Chalk one up to the technology marketers.
In their ongoing efforts to paint a Disneyland-like picture of how technological innovations can answer every enterprise-related problem, from a wonky workflow system to a conked-out coffee maker, they’ve struck a major victory. And they did it with one word: solution.
About three years ago, the s-word began infiltrating our environment. It cropped up in sales literature, on projection screens at user conferences and, along with the golf shirts that replaced their suits during the dot-com boom, it cropped up in vendor sales people’s pitches in your board rooms.
As is the case today with Web Services, technology buyers and users started scratching their heads as to just what these slicksters meant by the term ‘solution’. The first step to cutting through the smoke of this new piece of jargon was realizing that the term was synonymous with “product”, or more correctly, a suite of products that work in harmony to rectify a problem.
The more skeptical CIOs and network managers questioned whether what was being offered was indeed a solution to their IT problems. Perhaps many professionals, already having been inundated with similarly odorous marketing terms, didn’t bat an eyelash and ultimately didn’t care what the vendors were now calling their wares.
Many, however, took umbrage with the vendors’ assumption that their offerings were going to solve whatever challenge they were addressing. Many asked, “Who says this is a solution to my dilemma? It could turn out to be the biggest nightmare of an implementation I’ve ever seen and might not solve a thing.”
Perhaps some were even mildly offended by the inherent arrogance of the term.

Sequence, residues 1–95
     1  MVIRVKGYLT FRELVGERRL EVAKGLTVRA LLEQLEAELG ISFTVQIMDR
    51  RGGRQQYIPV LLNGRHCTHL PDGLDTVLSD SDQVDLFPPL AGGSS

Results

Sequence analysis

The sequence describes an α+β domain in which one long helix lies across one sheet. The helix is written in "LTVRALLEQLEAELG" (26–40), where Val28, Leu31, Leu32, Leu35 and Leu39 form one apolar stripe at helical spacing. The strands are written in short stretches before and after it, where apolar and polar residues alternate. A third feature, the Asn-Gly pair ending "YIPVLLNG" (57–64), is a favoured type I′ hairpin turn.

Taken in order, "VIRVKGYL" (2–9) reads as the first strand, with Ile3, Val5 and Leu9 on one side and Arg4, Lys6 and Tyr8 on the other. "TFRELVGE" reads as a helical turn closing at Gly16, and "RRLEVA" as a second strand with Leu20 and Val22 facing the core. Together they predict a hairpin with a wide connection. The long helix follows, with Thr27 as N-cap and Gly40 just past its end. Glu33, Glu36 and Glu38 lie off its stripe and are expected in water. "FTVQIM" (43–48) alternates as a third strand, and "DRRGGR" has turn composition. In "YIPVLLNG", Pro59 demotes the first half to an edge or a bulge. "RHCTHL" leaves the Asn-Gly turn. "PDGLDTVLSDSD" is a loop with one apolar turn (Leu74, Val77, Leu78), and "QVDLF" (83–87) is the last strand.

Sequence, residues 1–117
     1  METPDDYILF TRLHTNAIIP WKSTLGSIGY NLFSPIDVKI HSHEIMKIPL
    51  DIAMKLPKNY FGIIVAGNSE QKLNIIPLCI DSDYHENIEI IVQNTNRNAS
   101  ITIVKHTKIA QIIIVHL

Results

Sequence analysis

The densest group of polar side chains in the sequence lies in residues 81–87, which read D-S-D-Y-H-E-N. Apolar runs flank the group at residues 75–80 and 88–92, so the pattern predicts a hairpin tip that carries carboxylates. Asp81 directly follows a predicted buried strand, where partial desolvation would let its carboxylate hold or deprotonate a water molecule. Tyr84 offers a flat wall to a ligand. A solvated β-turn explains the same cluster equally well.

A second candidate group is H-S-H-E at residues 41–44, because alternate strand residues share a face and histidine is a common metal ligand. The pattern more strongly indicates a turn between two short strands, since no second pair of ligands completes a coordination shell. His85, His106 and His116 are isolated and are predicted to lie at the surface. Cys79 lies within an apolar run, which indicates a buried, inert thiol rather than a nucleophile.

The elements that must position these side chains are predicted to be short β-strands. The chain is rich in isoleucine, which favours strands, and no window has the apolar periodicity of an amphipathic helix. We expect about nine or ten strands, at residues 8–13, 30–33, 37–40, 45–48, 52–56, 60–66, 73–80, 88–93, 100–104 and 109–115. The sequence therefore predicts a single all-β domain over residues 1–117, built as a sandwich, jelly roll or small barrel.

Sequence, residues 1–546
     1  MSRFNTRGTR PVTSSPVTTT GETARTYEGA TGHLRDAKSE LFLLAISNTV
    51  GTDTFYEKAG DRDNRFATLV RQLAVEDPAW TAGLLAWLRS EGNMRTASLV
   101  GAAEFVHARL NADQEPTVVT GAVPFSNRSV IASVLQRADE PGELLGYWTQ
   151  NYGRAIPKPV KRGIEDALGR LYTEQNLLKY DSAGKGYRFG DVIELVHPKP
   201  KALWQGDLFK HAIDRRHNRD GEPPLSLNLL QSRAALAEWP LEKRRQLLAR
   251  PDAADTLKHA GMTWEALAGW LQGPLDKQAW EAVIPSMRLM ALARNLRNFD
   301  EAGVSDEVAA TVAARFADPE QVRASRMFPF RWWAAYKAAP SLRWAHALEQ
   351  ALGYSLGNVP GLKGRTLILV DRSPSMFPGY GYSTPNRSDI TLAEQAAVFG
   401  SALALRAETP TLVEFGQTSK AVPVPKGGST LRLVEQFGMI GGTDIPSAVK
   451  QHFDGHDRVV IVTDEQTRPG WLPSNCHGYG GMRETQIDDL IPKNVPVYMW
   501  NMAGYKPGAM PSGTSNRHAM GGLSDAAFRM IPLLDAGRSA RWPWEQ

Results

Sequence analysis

But in the end, successful marketing grows out of having confidence in one’s product, and occasionally a bit of arrogance creeps into that equation, too. That fact is accepted by IT professionals; dealing with it is part of the technology-buying game. Confusing and sometimes irritating marketing terms therefore often become part of our everyday IT lingo, and that is what’s happened with “solution”.
It’s no secret that we’re moving towards a world where large-scale enterprise IT hardware and software isn’t bought piece-by-piece, but rather as a complete package. The individual components might be purchased incrementally, but all are fitting into a large overall puzzle that collectively has become known as a solution. A switch, for example, links with a server which links with security software which links with an operating system, etc. etc. Through the myriad vendor partnerships that are being concluded on a daily bases in all sectors of IT, this concept is taking hold.
It would be great if it had a more honest moniker, such as technology packages or even tech envelopes. But such is not the case. The marketers have won. For those to whom the word “solution” still smacks of conceit, it looks like, in this case, we’ll just have to go with the flow.